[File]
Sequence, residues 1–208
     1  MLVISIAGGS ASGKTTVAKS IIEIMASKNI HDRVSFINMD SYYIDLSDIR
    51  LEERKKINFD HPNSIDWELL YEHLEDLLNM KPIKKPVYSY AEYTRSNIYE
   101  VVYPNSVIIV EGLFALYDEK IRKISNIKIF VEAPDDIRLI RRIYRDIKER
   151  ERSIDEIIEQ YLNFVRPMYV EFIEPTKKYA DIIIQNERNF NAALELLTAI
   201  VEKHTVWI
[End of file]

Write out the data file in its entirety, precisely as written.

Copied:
Sequence, residues 1–208
     1  MLVISIAGGS ASGKTTVAKS IIEIMASKNI HDRVSFINMD SYYIDLSDIR
    51  LEERKKINFD HPNSIDWELL YEHLEDLLNM KPIKKPVYSY AEYTRSNIYE
   101  VVYPNSVIIV EGLFALYDEK IRKISNIKIF VEAPDDIRLI RRIYRDIKER
   151  ERSIDEIIEQ YLNFVRPMYV EFIEPTKKYA DIIIQNERNF NAALELLTAI
   201  VEKHTVWI